The end of JobKeeper payments will be a measure of the Australian economy’s resilience and a prompt to business operators to check employment conditions, policies and procedures in the changed employment environment
The JobKeeper support scheme was a lifeline during the economic tsunami of 2020. It allowed businesses to maintain their workforces, giving employees some certainty and confidence. It also encouraged Australians to continue spending, creating a passage out of a potentially severe recession. But now, almost a year after its inception, we are facing the end of JobKeeper payments. Some commentators fear that this milestone will reveal the true extent of the economic damage caused by the pandemic.
When will JobKeeper payments end?
28 March 2021 is the forecast JobKeeper end date. It’s almost exactly one year after the Federal Government introduced the scheme.
At the time of its introduction, the Federal Government forecast that it would end in September 2020. However, the pandemic’s grip remained tight. It was clear that withdrawing the support would be catastrophic for thousands of businesses and workers, especially with a prolonged Victorian lockdown.
Why is there a risk of negative impact after JobKeeper payments end?
The end of JobKeeper support could have significant consequences for Australian workers and businesses. To understand why, let’s consider one of the workplace relations system’s basic functions.
Our workplace laws regulate employment relationships in considerable detail. You need only look at the Fair Work Act‘s sheer volume to get a sense of this. Rigorous employment protections are central to this legislation.
When businesses were forced to close at the beginning of the pandemic in Australia, many felt the squeeze. It was impossible to balance the preservation of employment conditions with the sudden loss of cash flow.
JobKeeper was designed to give employers and employees quick relief. With temporary provisions introduced under the Fair Work Act, the scheme gave employers the flexibility to manage their businesses with the ability to issue directions to employees, such as:
- Working reduced hours
- Stand down
- Alternative duties
- Changing the work location
Employers could use the JobKeeper wage subsidy to weather the storm: to continue paying their workforces (subject to certain conditions).
One year later, it appears that Australia has avoided economic catastrophe. People are spending. The unemployment rate has decreased, and thousands of businesses have resumed operations.
However, with JobKeeper’s end, standard employment terms and conditions will resume. For example, permanent employees – whose hours were reduced under JobKeeper – will automatically have the right to return to their pre-JobKeeper hours. As an employer, you must reinstate their working hours unless they agree to a reduction.
You can change your casual employees’ work hours. However, there may be some protections for casual employees engaged on a regular and systematic basis with a reasonable expectation of continuing employment.
What can I do if my business can’t afford to allow employees to revert to their pre-JobKeeper hours?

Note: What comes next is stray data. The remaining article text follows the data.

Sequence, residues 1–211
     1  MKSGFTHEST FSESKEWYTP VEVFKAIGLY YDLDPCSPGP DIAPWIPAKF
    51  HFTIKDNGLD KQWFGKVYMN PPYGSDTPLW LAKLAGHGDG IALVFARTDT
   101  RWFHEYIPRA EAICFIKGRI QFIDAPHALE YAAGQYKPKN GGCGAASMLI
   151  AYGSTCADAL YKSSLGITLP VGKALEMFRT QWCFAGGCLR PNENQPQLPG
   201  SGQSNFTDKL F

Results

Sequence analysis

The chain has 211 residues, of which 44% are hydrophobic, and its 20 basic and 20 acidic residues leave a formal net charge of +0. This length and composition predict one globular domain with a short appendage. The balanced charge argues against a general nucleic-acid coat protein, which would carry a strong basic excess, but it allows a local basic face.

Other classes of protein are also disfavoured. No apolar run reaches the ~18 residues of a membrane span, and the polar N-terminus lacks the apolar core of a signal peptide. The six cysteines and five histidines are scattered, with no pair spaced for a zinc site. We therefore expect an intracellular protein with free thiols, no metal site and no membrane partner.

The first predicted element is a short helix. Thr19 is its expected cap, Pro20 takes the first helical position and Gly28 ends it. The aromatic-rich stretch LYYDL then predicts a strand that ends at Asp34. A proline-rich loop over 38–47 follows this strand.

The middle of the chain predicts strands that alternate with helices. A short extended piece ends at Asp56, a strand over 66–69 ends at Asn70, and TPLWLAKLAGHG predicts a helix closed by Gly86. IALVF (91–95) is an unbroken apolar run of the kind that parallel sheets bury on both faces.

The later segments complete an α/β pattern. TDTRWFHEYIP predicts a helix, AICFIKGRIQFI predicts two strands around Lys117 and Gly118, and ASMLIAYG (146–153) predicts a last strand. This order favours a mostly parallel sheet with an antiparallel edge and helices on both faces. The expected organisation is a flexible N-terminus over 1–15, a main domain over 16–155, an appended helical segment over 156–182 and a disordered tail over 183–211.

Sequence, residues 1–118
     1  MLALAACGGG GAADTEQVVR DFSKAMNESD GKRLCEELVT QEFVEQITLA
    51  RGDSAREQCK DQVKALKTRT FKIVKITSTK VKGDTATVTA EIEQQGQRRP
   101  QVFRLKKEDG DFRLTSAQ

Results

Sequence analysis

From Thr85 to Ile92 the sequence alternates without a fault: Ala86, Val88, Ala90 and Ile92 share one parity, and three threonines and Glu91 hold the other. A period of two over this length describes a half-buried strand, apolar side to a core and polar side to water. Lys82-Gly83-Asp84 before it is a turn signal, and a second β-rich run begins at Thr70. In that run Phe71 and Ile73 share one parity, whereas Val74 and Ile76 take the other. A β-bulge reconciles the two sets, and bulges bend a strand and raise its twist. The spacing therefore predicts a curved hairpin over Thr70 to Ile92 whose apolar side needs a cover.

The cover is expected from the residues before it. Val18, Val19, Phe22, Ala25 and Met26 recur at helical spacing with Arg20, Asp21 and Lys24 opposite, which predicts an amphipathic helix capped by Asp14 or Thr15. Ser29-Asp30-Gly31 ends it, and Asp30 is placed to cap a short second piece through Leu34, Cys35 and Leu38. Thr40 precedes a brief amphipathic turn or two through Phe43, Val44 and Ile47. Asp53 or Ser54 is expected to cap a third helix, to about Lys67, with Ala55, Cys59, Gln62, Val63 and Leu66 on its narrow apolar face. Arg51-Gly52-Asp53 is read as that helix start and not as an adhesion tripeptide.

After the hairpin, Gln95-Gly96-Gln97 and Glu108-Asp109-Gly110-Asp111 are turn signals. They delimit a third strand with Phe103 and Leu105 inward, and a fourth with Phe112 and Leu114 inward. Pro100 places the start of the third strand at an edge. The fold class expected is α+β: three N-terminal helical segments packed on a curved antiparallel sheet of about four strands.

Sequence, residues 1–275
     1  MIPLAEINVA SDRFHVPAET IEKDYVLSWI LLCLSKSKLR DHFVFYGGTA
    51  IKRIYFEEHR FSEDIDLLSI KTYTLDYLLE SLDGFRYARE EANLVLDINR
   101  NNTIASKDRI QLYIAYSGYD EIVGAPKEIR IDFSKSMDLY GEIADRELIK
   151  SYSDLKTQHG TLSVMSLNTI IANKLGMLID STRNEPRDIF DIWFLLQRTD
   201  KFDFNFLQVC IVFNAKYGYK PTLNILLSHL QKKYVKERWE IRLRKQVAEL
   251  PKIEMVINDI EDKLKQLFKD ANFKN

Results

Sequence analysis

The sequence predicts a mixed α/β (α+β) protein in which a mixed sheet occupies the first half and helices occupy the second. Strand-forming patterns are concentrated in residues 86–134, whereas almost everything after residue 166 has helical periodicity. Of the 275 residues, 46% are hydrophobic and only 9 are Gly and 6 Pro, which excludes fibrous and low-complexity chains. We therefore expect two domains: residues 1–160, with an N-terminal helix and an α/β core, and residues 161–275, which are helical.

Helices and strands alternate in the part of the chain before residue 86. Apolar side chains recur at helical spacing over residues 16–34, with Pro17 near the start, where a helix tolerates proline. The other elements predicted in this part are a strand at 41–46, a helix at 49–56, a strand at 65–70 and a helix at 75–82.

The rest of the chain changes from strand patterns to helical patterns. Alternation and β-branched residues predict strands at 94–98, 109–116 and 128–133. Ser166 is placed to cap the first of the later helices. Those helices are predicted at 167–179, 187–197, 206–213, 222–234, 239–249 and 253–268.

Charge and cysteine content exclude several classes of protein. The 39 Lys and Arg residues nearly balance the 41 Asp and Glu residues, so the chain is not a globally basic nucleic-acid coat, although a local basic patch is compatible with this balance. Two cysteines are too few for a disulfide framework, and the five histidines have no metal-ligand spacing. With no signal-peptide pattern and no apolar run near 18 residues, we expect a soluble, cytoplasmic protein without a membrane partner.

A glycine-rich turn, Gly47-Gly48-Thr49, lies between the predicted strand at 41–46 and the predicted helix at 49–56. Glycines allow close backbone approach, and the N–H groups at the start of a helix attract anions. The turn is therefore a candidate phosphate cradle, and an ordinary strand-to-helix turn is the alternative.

If you’re concerned about the impact of the end of JobKeeper payments on your business, you will need to think about possible options. For example:
- Is it possible to agree to new work conditions with your employees (or at least some employees) for reduced hours?
- Will your business be able to cope with employee’s reduced work hours?
- Is it possible to redeploy some workers into other areas of the business?
For casual workers, now is the time to review work conditions to ensure they are correctly characterised as casual employees. If they’re regularly engaged with a reasonable expectation of ongoing employment, you may need legal advice. If incorrectly characterised, some employment conditions may be affected, including:
- Rate of pay
- Leave allowances
- Termination of employment rights
What are the legal risks to my business?
It’s crucial to remember that you can’t change a permanent worker’s employment conditions without their consent. They must consent without pressure or duress. For example, consent isn’t free if they fear losing their job if they don’t agree.
If consent is not freely given, the worker may later claim unfair dismissal (even for reduced work hours) because they felt they had no choice but to agree to the changed working conditions.
If you have a casual worker who should be characterised as a permanent worker, your business may be exposed to:
- Underpayment of wages claims for leave entitlements and other benefits
- Unfair dismissal claims if you’ve terminated employment or sought to change employment conditions without their free agreement
How can MDW help my business?
If your business continues to struggle with the impact of the pandemic, we can give you advice about your options to help its viability.
We can also:
- Restructure employment agreements
- Structure employee entitlements
- Create performance management policies and procedures
- Advise you about relevant modern awards and enterprise agreements
- Advise you about managing legal risk if redundancies are necessary
The bottom line
The coming months will be a significant test for Australian businesses as they try to stay afloat without the JobKeeper lifejacket. While we’re lucky that infection rates are low and consumer confidence is buoyed, we’re yet to see what’s on the horizon. With such challenges, it’s critical to make business decisions supported by practical and sound legal advice.
DISCLAIMER: We accept no responsibility for any action taken after reading this article. It is intended as a guide only and is not a substitute for the expert legal advice you can receive from marshalls+dent+wilmoth and other relevant experts.